I seem to recall the Ridgid is actually the shortest bed length of the mentioned models, they are nice machines, with REALLY nice fit and finish to them, just short tables.

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View Tedstor's profile


1643 posts in 2597 days

#4 posted 04-27-2011 08:46 PM

You make a good point about the additional HP. I failed to consider the additional rigors face jointing would put on a machine. Definitely makes the craftsman’s additional hp stand out as a value added feature.

As far as longer beds and straighter joints are concerned, I suppose I (wrongly?) discount the value of the 46” bed of the craftsman/grizzly seeing its advantage as minimal over a 42” bed. Maybe using a 25” jointer all this time has skewed my perception into viewing 42” as “gigantic”. Another consideration is that I store my machines in a somewhat unorthodox fashion. I “park” each machine side by side along the wall when not in use. Most people place them lengthwise against the wall, end-to-end. Thus, the shorter bed would not encroach into my workspace as much when stored. Granted, 4” of real estate would be a small price to pay for noticably better results.

Thanks for giving me something to think hard about. LOL.

View Grandpa's profile


3259 posts in 2640 days

#5 posted 04-27-2011 08:48 PM

I have plenty od space so I am not a good judge of how large YOUR machine needs to be. I do like the long beds though.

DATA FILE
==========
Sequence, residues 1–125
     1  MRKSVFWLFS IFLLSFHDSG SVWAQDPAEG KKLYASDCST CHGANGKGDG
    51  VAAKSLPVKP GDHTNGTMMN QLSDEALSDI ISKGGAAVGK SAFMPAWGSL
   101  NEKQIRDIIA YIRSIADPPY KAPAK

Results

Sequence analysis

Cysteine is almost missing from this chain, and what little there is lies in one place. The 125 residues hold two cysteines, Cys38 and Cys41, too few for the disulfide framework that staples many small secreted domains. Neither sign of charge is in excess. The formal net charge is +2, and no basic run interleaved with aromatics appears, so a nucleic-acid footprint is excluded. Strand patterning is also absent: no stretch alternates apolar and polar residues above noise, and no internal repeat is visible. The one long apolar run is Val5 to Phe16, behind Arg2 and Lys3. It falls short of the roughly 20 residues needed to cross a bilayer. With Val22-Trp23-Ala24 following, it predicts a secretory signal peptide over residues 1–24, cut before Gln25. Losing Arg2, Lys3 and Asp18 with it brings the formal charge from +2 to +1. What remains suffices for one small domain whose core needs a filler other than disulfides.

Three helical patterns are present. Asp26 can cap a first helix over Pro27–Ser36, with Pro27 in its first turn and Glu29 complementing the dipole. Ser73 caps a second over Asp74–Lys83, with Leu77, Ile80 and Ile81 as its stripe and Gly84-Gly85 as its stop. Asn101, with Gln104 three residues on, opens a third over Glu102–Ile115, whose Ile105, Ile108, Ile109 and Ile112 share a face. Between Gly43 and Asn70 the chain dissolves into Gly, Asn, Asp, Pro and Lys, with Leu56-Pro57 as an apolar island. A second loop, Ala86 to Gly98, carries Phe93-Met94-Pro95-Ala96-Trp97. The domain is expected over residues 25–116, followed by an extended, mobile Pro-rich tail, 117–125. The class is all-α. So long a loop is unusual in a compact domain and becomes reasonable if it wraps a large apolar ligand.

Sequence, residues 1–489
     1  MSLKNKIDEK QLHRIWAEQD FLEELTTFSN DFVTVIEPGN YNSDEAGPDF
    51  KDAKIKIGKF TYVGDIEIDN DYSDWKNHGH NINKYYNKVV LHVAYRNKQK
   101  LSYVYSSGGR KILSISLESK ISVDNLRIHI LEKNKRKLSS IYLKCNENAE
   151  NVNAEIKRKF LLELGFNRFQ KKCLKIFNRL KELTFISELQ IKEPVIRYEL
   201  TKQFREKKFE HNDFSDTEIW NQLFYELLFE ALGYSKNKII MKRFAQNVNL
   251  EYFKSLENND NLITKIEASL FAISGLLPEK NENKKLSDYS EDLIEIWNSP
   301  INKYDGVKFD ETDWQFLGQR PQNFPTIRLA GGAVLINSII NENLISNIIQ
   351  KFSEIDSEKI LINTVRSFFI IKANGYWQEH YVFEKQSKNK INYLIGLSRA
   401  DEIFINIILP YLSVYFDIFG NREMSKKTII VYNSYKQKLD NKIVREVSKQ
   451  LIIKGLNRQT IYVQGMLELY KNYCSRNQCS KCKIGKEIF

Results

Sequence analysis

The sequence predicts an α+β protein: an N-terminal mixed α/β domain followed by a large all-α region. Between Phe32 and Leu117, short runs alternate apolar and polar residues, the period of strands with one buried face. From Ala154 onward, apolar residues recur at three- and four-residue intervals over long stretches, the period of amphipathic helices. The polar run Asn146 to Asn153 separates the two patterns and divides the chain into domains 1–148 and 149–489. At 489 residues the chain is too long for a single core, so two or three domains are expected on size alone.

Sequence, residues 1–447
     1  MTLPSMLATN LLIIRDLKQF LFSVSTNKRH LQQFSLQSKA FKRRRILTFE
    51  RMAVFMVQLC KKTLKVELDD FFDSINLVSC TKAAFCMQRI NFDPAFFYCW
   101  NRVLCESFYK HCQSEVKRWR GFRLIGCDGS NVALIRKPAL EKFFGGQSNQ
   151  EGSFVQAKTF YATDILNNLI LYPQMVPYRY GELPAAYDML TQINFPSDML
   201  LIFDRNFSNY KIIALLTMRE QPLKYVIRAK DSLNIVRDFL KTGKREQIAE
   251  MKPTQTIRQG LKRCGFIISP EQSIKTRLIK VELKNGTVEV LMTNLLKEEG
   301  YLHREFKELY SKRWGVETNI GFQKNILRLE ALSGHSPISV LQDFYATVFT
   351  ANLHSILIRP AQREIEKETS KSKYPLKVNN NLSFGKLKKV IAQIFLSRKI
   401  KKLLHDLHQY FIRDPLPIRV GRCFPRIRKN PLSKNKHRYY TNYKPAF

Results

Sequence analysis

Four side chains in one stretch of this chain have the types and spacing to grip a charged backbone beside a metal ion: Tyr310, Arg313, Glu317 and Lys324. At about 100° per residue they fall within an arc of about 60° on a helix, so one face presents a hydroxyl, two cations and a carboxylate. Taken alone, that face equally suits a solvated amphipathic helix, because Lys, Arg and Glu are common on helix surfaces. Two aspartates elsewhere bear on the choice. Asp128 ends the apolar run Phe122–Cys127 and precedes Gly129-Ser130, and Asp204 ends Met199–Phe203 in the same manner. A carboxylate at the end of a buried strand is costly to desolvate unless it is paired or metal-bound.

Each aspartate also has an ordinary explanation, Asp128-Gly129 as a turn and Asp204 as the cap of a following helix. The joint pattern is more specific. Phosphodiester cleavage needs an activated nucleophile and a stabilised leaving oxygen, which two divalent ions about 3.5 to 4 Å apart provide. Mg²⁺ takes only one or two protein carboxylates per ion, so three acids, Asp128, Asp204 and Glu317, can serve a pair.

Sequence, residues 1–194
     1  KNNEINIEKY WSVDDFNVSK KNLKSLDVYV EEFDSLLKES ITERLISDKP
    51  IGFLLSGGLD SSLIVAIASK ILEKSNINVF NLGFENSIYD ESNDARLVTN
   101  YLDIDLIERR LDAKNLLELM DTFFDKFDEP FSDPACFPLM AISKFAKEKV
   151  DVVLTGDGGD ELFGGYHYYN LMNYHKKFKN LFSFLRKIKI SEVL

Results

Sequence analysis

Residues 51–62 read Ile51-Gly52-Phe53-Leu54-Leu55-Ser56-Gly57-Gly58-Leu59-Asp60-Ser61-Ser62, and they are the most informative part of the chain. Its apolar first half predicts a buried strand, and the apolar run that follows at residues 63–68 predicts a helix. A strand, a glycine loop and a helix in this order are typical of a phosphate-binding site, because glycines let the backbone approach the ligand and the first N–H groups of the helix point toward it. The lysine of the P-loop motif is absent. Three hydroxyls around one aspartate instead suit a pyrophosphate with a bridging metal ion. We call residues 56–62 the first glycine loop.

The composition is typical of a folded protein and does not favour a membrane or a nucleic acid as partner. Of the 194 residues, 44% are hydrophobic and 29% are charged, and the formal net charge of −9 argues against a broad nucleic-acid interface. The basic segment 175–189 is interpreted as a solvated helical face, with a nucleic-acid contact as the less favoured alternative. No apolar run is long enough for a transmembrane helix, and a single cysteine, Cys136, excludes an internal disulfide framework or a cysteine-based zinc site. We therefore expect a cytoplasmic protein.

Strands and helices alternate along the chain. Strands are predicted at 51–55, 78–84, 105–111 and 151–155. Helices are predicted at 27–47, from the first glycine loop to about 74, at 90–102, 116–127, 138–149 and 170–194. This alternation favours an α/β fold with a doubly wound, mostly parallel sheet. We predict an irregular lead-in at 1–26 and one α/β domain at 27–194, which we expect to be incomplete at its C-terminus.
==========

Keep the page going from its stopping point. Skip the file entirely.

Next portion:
View levan's profile


472 posts in 2944 days

#6 posted 04-27-2011 08:52 PM

Since you like your present jointer, with the exception of the length of the bed. I would suggest looking at a way to put extensions on it. We have a 12” jointer at the shop, with a 8’ foot bed and about 8’ torsion box extensions on each end. I have jointed bds. 20’ and better with it.

-- "If you think you can do a thing or think you can't do a thing, you're right". Henry Ford

View rance's profile


4255 posts in 3125 days

#7 posted 04-27-2011 09:05 PM

If larger work is a one-time thing for you, you might consider just taking your wood to a buddy’s shop. If you have to do this 3 times, THEN consider a purchase, and not necessarilly a new tool.

-- Backer boards, stop blocks, build oversized, and never buy a hand plane--

View Tedstor's profile


1643 posts in 2597 days

#8 posted 04-27-2011 09:21 PM


The newest floor standing machine I currently own was built in 1970. I have a soft spot for vintage tooling. Of course, economics is probably my biggest reason for buying golden oldies. When I decided I wanted to become a more proficient woodworker, I really couldn’t decide which $500 machine to buy first. And I was afraid I’d sink $500 into a new machine, only to learn I don’t need it or bought the wrong one for my needs. After some research, I realized I could buy five dinosaurs for less than one new (or newer) machine. Having past experience as a car and aircraft mechanic, I felt confident I could perform the necessary maintenance and repairs. I have a BS, TS, DP, jointer, and shaper. I think I paid $300 for the machines and another $50-100 in parts to get them to spec (not including blades).
All that said, I’m not adverse to the old iron. If a nice 1960s Delta jointer presented itself today, I’d be tempted to snatch it up. I think the only reason I’m not more seriously considering the vintage route this time is that I need the tool soon. I’m not sure I have enough time to stalk craigslist and rehab a machine and complete my projects by the end of May. Thats what i get for procrastinating.